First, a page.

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Musser remarried in 1938 and moved to Kansas City, Missouri, with second husband, William T. Atkins. Despite the move, she maintained ownership of the home, and would stop in whenever she was in Muscatine until her death in 1964 at the age of 87. The Musser Mansion was gifted to the city in 1965 to become an art gallery and museum for Muscatine. The mansion has been closed since February 2016 while it underwent remodeling. "It's been a long haul for the staff," said Melanie Alexander, director of the Muscatine Art Center. "There has been a lot of behind the scenes work that people don't necessarily know about, moving exhibits in and out of storage." Heating and air systems have been updated to control temperature and humidity for different exhibitions, the roof was replaced, the exterior trim painted, and damaged plaster in the music room was repaired. That's where Levsen became involved. Levsen Organ Company removed the pipes of the organ to allow scaffolding to be installed while repairs were made to the plaster and the room was painted. During that work, the organ was cleaned and prepared to be reinstalled and tuned.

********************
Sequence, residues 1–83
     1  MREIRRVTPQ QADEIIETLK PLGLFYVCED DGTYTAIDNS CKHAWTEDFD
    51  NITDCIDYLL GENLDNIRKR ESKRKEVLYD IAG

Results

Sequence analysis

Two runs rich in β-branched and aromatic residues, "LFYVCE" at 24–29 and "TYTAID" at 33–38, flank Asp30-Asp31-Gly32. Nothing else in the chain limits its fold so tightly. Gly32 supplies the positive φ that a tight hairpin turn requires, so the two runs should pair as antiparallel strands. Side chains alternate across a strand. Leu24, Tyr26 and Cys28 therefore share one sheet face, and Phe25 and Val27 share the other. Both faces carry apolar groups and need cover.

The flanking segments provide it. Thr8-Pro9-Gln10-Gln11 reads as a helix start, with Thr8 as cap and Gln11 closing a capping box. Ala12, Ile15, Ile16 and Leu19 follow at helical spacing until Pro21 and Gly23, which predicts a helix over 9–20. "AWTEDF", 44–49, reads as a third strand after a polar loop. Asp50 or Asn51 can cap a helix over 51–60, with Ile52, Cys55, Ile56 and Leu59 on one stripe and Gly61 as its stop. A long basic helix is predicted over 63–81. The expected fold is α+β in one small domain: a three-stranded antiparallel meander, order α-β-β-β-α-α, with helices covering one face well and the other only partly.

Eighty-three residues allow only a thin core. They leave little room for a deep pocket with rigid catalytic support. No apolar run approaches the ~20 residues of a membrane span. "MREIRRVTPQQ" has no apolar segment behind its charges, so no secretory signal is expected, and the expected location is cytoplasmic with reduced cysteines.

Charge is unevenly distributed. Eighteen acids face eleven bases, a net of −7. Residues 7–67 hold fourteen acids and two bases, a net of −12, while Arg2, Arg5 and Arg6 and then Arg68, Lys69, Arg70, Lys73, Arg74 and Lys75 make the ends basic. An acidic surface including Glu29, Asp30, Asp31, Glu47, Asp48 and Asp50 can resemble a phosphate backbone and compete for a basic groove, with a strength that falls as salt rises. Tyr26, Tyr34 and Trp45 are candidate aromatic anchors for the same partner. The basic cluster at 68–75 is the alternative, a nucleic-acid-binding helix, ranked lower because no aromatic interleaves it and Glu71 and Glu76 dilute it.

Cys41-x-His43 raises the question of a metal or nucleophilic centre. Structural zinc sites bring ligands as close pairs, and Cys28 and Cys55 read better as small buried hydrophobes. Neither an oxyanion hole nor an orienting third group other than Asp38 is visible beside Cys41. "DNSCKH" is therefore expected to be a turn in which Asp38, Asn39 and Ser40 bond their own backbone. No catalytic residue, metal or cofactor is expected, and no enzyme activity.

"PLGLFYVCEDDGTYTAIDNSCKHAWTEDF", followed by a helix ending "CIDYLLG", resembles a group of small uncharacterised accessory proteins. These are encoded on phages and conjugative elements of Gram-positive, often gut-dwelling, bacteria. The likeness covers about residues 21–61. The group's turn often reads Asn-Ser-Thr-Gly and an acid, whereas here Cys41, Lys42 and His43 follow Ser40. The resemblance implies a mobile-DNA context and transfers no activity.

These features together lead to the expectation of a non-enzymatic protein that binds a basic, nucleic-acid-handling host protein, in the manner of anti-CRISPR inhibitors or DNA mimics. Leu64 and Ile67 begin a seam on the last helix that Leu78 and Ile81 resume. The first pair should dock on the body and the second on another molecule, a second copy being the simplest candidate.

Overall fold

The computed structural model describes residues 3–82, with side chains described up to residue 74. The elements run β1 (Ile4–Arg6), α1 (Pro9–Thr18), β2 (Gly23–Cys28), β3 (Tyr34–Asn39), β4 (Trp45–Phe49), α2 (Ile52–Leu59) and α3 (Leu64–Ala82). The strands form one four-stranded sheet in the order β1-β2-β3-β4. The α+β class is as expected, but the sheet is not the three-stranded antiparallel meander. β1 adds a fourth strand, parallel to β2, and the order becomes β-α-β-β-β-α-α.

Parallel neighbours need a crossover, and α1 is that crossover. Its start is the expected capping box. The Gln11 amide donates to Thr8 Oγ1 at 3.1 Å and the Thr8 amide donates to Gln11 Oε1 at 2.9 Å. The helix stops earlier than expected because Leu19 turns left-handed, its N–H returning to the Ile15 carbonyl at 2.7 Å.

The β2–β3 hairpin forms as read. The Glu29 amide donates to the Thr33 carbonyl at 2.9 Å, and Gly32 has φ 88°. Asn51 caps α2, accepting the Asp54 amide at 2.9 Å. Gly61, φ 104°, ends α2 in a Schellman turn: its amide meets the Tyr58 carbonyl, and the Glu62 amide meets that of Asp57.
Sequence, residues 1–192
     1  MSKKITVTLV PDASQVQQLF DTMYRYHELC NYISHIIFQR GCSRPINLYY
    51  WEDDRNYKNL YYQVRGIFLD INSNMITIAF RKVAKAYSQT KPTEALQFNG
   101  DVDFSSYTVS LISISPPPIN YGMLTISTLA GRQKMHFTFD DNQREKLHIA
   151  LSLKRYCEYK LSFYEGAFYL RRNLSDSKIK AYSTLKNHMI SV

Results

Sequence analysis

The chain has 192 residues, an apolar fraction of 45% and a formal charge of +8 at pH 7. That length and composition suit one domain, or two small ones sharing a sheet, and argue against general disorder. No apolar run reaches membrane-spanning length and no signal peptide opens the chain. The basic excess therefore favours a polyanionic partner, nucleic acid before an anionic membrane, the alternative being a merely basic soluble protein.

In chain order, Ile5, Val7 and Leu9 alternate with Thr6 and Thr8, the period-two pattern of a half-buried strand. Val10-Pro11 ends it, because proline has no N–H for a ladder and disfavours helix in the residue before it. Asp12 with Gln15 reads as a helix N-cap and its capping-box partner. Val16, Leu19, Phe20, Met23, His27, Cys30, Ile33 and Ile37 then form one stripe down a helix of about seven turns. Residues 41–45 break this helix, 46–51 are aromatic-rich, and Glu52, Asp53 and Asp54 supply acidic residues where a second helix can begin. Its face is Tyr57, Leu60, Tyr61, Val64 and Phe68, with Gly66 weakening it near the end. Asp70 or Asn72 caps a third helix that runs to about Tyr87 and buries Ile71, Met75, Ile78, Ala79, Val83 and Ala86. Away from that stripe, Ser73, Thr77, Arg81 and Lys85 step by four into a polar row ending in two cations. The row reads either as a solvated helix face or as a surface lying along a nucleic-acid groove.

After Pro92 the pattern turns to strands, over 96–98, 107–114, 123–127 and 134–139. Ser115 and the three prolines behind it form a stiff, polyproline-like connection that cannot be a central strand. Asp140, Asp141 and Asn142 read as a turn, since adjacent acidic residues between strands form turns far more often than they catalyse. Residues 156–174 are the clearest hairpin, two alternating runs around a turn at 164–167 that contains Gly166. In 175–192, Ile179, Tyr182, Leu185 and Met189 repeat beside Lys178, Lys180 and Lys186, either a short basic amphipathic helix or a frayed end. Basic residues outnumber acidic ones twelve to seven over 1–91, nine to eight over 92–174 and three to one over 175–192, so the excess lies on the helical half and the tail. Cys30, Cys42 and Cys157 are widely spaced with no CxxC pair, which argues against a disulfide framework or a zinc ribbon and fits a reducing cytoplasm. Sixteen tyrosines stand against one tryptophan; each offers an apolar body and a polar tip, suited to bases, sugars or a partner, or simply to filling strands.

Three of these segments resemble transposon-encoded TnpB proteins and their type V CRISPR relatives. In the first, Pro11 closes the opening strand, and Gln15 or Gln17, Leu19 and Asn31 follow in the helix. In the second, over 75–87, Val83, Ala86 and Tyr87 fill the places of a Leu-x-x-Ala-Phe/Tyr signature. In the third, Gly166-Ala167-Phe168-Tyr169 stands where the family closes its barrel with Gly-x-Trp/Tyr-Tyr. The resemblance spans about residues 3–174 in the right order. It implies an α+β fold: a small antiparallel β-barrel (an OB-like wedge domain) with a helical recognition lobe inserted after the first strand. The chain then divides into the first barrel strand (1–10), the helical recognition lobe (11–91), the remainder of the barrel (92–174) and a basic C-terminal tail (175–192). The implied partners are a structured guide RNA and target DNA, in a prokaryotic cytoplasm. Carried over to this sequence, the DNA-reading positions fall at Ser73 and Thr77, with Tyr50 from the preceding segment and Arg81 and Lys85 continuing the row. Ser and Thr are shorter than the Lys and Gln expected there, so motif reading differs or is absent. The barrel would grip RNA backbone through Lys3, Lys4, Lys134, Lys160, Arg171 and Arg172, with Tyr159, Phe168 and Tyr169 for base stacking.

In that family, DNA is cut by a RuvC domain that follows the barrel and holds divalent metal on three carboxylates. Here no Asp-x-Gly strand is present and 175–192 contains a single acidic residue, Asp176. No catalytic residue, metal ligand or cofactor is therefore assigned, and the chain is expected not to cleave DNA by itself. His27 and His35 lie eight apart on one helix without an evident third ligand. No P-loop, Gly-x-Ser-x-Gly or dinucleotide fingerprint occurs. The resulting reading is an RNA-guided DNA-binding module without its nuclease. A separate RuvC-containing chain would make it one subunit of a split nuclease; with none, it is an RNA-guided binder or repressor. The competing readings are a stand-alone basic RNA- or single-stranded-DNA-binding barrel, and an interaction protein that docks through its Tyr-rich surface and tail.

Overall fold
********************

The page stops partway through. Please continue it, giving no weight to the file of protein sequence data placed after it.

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Photo by: Channel Seven 1980: dual flush toilet A lot of water gets used in an average household; and it turned out that a lot of water was being wasted by that most basic piece of plumbing the humble loo. In 1980, Bruce Thompson of Caroma came up with a system that did away with that one-water-volume-fits-all-flushing-needs approach. It is claimed that the dual flush toilet can save up to 67 per cent of a household's toilet water usage, or 32,000 litres per year. Photo by: Caroma 1983: embryo freezing Hundreds of thousands of babies have been born thanks to the wonder of embryo cryopreservation, a technique perfected by a team of researchers at Monash University and the Royal Women's Hospital in Melbourne. The first IVF baby was born in 1978, but Carl Wood, Alan Trounson and team realised success rates could be better if the eight-cell embryo could be frozen using liquid nitrogen, then thawed out and implanted at the point in the woman's cycle when it would have the best chance of surviving. The first successful pregnancy from a frozen embryo was described in 1983 , although sadly the mother didn't carry to term. The first frozen embryo baby was born in 1984 . Photo by: UIG via Getty Images 1988: Polymer banknotes If you live in Australia, New Zealand, Canada, Papua New Guinea, Romania or Vietnam (to name a few), you're probably well used to the smooth shimmy of plastic in your wallet rather than the soft crumple of paper. These were introduced in Australia , invented by the Reserve Bank of Australia, the Commonwealth Scientific and Industrial Research Organisation, and the University of Melbourne to reduce forged banknotes.